Event processing and domain specific languages

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I wrote recently about the move towards the definition of a meta-language for event processing so that the meta-language could be standardised and then mapped to the specific language being used by the vendor. This put me in mind of two things: first, my recent discussions here on the impossibility of 5GLs and, secondly, on a recent briefing I had from Metacase about its MetaEdit+ product.

MetaEdit+ provides, in a sense, a meta-language although most people would think of it as a modelling tool.

There are two phases in working with MetaEdit+. In the first phase you define a modelling environment (a combination of modelling constructs and language) that is specific to your environment and you define how that will map to whatever language you want the software to generate. The company has customers that variously generate Java, Python, Assembler and XML, for example. This, of course, involves some work on the part of the developer but MetaEdit+ provides a variety of capabilities to make this as simple as possible and it doesn’t take as long as you might think.

What you get at the end of this process is a model-driven development tool that uses your business terminology and which provides full (note, full) code generation into a language that is specific to your requirements (for example, to embed functionality into a microcontroller you might use assembler, into a phone, Python, and so on). This represents the start of the second phase of the use of MetaEdit+, where you actually develop your business applications. For obvious reasons the fact that the modelling now directly reflects the nature of your business should have a significant impact on the development of applications.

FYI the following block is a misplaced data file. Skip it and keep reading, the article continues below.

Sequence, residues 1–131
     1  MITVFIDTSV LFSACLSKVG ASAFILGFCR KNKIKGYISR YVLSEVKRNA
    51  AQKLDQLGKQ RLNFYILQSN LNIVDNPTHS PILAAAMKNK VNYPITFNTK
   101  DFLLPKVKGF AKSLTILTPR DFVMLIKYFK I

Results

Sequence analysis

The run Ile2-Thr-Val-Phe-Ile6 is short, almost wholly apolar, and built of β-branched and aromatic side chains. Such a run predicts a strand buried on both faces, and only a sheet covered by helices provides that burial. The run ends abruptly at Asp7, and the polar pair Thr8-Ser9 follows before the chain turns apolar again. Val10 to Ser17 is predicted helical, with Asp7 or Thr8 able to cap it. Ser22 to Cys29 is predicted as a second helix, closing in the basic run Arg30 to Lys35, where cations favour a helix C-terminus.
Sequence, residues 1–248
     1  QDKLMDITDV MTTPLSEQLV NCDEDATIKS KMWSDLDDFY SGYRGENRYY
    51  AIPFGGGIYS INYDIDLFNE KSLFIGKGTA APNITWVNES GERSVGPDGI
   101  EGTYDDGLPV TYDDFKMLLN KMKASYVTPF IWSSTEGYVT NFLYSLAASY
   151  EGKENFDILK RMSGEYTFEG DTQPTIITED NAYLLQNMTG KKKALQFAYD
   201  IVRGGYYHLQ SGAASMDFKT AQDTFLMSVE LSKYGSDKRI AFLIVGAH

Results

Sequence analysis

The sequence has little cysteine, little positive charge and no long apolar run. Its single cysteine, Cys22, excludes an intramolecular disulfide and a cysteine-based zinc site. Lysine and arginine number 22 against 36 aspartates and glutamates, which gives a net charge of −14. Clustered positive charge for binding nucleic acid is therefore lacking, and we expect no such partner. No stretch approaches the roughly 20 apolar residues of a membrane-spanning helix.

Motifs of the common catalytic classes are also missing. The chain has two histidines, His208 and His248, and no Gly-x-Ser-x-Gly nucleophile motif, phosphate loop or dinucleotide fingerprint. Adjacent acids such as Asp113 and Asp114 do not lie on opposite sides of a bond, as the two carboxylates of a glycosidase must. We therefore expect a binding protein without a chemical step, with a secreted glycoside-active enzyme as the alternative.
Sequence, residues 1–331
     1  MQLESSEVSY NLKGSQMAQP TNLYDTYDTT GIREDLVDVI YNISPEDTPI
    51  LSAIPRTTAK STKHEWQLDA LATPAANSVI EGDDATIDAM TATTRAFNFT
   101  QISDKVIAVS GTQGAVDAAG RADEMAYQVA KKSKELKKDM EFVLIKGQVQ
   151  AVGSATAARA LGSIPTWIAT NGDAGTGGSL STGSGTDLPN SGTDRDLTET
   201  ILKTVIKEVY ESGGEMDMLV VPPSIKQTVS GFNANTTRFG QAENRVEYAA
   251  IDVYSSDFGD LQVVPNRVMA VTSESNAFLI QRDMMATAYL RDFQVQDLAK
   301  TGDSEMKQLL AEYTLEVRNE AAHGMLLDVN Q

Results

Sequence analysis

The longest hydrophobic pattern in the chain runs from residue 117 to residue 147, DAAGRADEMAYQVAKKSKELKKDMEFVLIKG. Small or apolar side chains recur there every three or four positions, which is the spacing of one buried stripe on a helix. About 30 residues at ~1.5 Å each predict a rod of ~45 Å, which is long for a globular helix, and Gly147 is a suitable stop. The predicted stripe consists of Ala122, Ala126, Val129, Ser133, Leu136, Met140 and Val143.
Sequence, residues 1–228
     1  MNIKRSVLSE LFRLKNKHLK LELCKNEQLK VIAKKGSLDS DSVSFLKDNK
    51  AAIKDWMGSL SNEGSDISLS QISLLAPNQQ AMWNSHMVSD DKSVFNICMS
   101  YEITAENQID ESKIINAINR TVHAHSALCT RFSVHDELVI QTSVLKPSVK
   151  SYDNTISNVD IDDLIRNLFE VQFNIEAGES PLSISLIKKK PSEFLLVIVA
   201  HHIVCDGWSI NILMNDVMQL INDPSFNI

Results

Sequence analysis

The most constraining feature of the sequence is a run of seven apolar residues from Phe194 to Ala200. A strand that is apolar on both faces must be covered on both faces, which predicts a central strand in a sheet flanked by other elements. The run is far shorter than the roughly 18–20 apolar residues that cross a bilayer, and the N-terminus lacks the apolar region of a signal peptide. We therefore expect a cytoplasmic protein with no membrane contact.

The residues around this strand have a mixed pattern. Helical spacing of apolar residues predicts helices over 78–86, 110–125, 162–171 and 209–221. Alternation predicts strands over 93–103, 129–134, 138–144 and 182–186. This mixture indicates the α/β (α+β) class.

However, there is a proviso: using business terminology in your development process is only useful if the people building the applications understand the business. My guess is that, although there are exceptions (Metacase has customers in the Insurance sector for example), this is the reason why the majority of the company’s customers are using the tool to develop applications for embedded devices such as micro-controllers or mobile phones. But with today’s emphasis on IT understanding the business one can easily imagine the use of MetaEdit+ helping to drive this. Alternatively, of course, it potentially opens up the possibility of business analysts developing applications directly, once the initial definition process has been completed.

Anyway, to return to the beginning, if and when a meta-language is defined for event processing, it becomes obvious that a tool like MetaEdit+ (actually, I don’t think there are any other tools like MetaEdit+, but tell me if you know different) could have a ready market in mapping the meta-language to whatever is required by the different event processing vendors.